• Mycoplasma/ureaplasma. Typically contracted in conditions of overcrowding, premature birth is the least dangerous of the potential complications this condition causes.
  • Hormone deficiencies. Low progesterone can induce premature birth.
  • Infection. Whether caused by bacteria or a virus, infection can threaten the health and viability of both mom and puppies.

In Utero Puppy Death.

Sometimes, one or more puppies may fail to thrive during gestation. Unfortunately, your dog will still need to pass these puppies on whelping day or she is at risk of developing dangerous post-whelping complications.

However, you may not know she hasn’t whelped out all the puppies, which is why a post-whelping vet checkup within 24 hours is critical for her health.

Failure To Whelp

There are many potential causes of a failure to whelp. One of the most common causes is an abnormally large puppy or a puppy with an overly large head.

If your dog is straining to whelp without any signs of a puppy emerging, or if she has overshot her whelp date by several days, it is time for a vet visit to determine the cause.

Placenta Before Puppies

If your dog passes the placenta or blood before she has passed a single puppy, this could indicate two puppies are trying to emerge at the same time or that a puppy has died in utero and must be retrieved or whelped out later. It is best to take your dog to the vet right away if this occurs.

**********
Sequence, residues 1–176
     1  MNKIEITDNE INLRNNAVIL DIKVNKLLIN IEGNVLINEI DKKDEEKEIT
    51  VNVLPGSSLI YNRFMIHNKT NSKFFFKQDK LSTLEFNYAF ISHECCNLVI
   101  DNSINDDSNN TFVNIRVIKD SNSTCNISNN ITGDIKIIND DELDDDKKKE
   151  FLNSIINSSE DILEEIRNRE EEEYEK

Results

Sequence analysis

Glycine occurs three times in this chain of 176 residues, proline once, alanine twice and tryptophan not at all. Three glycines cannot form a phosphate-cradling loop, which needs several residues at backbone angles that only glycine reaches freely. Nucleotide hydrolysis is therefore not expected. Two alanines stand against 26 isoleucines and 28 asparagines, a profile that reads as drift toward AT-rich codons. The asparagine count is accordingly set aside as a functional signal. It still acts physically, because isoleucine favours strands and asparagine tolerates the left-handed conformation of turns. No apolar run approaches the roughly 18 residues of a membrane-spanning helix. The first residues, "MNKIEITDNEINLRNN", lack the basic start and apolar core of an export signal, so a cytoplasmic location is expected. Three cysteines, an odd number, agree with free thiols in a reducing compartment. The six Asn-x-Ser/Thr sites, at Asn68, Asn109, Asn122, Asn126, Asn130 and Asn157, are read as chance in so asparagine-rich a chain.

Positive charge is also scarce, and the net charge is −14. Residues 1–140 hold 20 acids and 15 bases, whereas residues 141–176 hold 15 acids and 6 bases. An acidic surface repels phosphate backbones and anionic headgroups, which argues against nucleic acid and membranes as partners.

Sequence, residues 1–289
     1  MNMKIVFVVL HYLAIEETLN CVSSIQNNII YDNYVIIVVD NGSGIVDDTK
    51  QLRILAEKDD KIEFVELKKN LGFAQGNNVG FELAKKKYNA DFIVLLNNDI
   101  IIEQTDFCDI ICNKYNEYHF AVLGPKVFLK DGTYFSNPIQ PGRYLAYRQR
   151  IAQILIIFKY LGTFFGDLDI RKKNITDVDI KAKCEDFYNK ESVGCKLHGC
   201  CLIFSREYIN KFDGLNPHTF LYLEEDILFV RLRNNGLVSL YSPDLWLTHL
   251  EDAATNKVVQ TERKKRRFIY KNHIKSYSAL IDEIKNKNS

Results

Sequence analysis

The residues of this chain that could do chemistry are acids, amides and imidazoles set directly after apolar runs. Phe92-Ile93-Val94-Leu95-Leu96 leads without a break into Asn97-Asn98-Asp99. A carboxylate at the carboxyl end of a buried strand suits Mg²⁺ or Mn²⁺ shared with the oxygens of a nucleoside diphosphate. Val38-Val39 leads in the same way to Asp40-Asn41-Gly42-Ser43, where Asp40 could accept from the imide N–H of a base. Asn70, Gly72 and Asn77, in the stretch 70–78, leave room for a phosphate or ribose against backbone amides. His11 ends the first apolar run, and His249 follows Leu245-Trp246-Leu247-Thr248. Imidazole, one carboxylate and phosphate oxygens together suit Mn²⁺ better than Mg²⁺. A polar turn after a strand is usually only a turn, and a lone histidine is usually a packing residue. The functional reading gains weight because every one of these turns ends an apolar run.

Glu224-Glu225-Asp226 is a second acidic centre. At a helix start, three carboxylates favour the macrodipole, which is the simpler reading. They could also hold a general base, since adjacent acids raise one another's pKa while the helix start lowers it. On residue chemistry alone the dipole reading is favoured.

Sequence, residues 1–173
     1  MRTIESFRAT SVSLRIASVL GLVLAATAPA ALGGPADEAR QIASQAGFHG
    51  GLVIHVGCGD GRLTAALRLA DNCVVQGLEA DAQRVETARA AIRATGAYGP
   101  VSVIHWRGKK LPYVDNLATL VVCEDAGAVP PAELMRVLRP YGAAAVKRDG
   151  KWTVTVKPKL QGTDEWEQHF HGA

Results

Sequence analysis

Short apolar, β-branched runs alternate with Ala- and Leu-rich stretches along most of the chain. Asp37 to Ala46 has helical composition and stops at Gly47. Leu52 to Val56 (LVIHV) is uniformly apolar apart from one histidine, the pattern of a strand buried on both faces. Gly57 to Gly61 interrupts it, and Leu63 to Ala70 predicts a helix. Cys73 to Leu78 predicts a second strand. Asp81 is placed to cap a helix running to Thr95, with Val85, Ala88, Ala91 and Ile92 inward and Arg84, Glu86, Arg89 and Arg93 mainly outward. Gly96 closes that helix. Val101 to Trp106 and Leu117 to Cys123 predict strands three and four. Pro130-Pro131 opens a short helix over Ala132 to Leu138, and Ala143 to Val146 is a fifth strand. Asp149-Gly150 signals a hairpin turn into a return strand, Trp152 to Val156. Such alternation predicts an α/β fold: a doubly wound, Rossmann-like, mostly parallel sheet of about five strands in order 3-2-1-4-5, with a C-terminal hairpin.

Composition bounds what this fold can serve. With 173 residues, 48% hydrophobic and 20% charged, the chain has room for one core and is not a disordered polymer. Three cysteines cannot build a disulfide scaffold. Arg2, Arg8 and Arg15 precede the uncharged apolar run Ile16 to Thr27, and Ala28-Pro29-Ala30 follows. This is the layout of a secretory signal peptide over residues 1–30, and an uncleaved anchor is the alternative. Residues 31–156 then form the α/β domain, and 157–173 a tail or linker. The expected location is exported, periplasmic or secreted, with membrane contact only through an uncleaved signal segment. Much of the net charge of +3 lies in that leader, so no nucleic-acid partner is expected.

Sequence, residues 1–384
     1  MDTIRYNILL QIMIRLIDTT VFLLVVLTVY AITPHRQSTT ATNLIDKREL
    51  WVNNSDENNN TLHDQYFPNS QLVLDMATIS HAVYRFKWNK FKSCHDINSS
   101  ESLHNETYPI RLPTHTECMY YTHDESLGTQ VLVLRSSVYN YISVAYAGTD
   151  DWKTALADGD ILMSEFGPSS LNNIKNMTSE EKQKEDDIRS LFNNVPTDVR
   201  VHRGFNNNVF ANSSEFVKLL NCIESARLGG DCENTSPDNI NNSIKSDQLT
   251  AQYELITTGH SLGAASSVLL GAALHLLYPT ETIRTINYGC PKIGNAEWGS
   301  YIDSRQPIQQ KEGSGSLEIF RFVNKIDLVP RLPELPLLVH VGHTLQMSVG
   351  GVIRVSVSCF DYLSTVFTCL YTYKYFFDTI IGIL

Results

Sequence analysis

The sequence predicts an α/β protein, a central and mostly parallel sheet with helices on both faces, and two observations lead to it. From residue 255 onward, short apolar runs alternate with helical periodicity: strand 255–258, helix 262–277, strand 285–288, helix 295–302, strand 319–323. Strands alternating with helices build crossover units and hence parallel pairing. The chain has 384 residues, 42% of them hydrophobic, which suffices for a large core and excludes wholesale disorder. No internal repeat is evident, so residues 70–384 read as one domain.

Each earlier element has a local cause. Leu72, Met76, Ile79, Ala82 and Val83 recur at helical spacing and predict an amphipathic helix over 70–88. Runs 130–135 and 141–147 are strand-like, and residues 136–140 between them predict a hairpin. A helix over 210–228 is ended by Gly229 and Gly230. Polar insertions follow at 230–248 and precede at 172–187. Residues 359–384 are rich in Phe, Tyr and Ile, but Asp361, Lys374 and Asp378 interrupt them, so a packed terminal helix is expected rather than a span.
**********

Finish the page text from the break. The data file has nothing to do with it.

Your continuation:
If you’re dog passes a placenta before producing any puppies, it is very important to call your vet.

Whelp Issues After Puppies Are Born

Eclampsia

Eclampsia is serious.

Eclampsia, also known by its common name of “milk fever,” is a very serious post-whelping medical condition that can be fatal if left untreated. Inadequate post-whelping calcium levels (caused by an underactive thyroid gland) can lead to the onset of eclampsia.

While it is most common for eclampsia to show up after whelping, it can actually develop at any time during the dog gestation period. It is more common for first-time dog mamas and smaller or “toy” breeds.

When your dog begins walking stiffly, pants, whines, seems disoriented, scratches at her face, experiences muscular tremors, vomits or has diarrhea, stops caring for her puppies, has high fever and/or dilated pupils, these are all signs that she has eclampsia.

She should be rushed to the vet and you will likely need to assume care and feeding of her puppies while she gets treatment.

Metritis

Metritis, also known as “inflammation of the uterus,” is most often caused by bacteria that induces the uterine lining to swell and become inflamed. Symptoms of metritis typically begin in the week following whelping.

If your dog’s abdomen has become swollen or there is a dark-green, smelly vaginal discharge, these are signs of metritis. When fever, listlessness, lack of appetite, suppression of maternal instincts, cessation of milk production, dark red gums and/or rapid heart rate, this means the metritis is progressing.

You should contact your vet immediately and take over care and feeding of the puppies right away.

Mastitis

Mastitis, also known by its common name of “mammary gland infection,” can be caused by the presence of bacteria in the mammary glands.